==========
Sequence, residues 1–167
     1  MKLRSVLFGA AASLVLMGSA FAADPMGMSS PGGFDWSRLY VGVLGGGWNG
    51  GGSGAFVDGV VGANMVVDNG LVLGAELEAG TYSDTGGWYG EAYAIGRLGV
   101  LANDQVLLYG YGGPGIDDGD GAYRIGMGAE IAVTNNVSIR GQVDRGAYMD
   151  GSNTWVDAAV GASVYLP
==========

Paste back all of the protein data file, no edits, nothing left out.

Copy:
Sequence, residues 1–167
     1  MKLRSVLFGA AASLVLMGSA FAADPMGMSS PGGFDWSRLY VGVLGGGWNG
    51  GGSGAFVDGV VGANMVVDNG LVLGAELEAG TYSDTGGWYG EAYAIGRLGV
   101  LANDQVLLYG YGGPGIDDGD GAYRIGMGAE IAVTNNVSIR GQVDRGAYMD
   151  GSNTWVDAAV GASVYLP